Prejudice and discrimination has been rampant in U.S. since its founding. When people first started immigrating to North America, prejudice and discrimination occurred between people of different ethnic groups: Germans versus French, Dutch versus English.
On a whole different scale, however, it was Native Americans, African Americans, and Asian Americans pitted against white Americans. Throughout the history of America, the former have been heavily discriminated against. African Americans suffered whether as slaves or freedmen and Native American land was encroached on until they were forced into reservations.
As for Asian Americans? One of the most significant restrictions against immigration was aimed at Asian Americans, specifically the Chinese, in the Chinese Exclusion Act of 1882. That was then. So how is this still occurring in 2016?
A recent example was Jesse Watters’ racist Chinatown interviews that displayed thinly veiled contempt towards Asian Americans through loaded questions. An editor for The New York Times wrote an open letter to a woman who told him to “go back to China.” Asian Americans responded by sharing their own racist moments with #thisis2016. Their tweets were steeped with racist vulgarities and slurs that had been used against them.
— New York Times Video (@nytvideo) October 14, 2016
We all have our own moments. On one occasion, my sister went out with her boyfriend to get coffee and was incensed when the barista completely bypassed her and addressed her boyfriend instead with, “Does your girlfriend speak English?”
When will people stop assuming that because of your face, or the color of your skin, that you weren’t born here? That you don’t belong here? That you aren’t part of this country or its culture? Why, in 2016, is alienation the norm? People need to understand and they need to accept: being American isn’t defined by race or ethnicity, it’s defined by the fact that we, whether white or not, live in this country. We belong to it and it belongs to us as much as it does to anyone else.
According to the United States Census Bureau, as of July 1, 2015, Asian Americans make up 5.6 percent of the American population. We are the second smallest racial minority in America. However, we’re not considered enough of a minority to deserve a bigger share in the racism debate like Hispanics and African Americans or enough of a majority to be treated as equals.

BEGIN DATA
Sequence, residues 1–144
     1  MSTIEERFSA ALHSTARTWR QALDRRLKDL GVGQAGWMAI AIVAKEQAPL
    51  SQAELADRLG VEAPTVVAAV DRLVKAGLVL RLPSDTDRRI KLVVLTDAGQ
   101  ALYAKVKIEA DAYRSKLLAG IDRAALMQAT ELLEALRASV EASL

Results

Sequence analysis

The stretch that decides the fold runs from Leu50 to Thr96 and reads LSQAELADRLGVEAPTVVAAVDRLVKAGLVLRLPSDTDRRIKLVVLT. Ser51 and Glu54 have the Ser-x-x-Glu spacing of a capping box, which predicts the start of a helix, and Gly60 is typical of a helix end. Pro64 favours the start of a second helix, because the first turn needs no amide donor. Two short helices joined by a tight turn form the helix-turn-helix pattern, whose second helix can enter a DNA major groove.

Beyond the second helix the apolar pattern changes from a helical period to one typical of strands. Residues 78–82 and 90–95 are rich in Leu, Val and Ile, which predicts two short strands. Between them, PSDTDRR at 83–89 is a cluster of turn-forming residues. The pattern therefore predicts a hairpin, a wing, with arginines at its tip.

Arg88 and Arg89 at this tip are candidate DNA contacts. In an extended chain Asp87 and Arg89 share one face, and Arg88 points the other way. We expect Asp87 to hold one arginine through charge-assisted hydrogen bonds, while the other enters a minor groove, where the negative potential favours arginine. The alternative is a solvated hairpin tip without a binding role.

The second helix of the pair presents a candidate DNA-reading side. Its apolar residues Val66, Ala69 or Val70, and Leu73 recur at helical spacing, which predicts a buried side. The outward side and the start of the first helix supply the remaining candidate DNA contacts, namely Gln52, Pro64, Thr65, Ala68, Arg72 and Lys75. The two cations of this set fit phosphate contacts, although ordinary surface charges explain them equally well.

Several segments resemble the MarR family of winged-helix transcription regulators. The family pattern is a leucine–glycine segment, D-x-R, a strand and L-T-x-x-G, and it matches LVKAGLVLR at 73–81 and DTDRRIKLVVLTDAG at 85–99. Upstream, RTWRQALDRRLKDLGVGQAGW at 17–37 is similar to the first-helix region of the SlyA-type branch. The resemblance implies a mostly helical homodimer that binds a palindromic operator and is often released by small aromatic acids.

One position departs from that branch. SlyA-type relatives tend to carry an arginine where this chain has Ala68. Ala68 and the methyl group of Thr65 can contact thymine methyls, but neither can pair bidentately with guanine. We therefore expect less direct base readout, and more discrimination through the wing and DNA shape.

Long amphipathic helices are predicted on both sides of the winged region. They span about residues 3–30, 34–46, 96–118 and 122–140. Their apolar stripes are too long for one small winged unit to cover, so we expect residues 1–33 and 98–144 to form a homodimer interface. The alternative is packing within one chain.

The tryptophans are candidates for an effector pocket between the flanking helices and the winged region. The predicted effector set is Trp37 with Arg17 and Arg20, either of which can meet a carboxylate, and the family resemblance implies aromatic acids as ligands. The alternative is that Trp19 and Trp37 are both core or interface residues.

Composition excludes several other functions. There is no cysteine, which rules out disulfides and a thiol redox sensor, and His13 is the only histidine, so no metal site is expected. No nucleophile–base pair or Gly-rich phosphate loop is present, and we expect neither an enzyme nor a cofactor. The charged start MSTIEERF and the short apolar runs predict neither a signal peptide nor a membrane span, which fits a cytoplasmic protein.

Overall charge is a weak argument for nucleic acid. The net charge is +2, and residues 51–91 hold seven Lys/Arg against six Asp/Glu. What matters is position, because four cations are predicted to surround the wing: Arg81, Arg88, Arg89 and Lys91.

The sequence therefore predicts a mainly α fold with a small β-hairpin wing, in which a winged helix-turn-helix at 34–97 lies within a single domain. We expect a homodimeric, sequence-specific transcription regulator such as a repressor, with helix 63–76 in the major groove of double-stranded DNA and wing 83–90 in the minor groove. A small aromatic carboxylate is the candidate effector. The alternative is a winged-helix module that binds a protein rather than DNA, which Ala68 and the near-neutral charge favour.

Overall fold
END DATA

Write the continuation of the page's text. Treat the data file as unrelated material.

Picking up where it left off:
On one occasion, my sister went out with her boyfriend to get coffee and was incensed when the barista completely bypassed her and addressed her boyfriend instead with, “Does your girlfriend speak English?
Media often portrays Asians as foreign and unpatriotic. During World War II, people fueled by race prejudice feared there was a plot among Japanese-Americans to sabotage the war effort. The Roosevelt administration’s decision to force Japanese Americans into internment camps only seemed to validate the depiction offered by the media and perpetuate their concerns.
Black people get shot and have had to go through slavery, and Hispanics are told to go back to their country, but both racial groups assimilate. Asian Americans don’t. The only real way to assimilate Asian Americans into American culture is more representation in mainstream culture.
For example, instead of Scarlett Johansson playing a Japanese Cyborg in “Ghost in the Shell,” shouldn’t an actual Asian American play the character? Hollywood whitewashing has become a serious issue over the past years.
Asian actors are one of the least represented races in movies. Sony’s “Aloha,” whose protagonist was one quarter-Chinese and one quarter Native Hawaiian, was played by Emma Stone, a blonde-haired, green-eyed woman who does not resemble an Asian American in the least. The last predominantly Asian cast TV show was “All American Girl” in 1994 which aired for one season and was promptly canceled. That was twenty-two years ago.
People can say, “It’s just in the entertainment industry, it doesn’t matter, it doesn’t portray what life is really like.” Yes, it does. Television and film are based on reality; they are reflections of what happen around us. Asian Americans need to be represented more in mainstream culture: films, television, sports, politics, and newspapers. Only when that begins can we really be part of the racism debate. Forget overcoming racism for a second: the first step we need to take is making ourselves part of the conversation.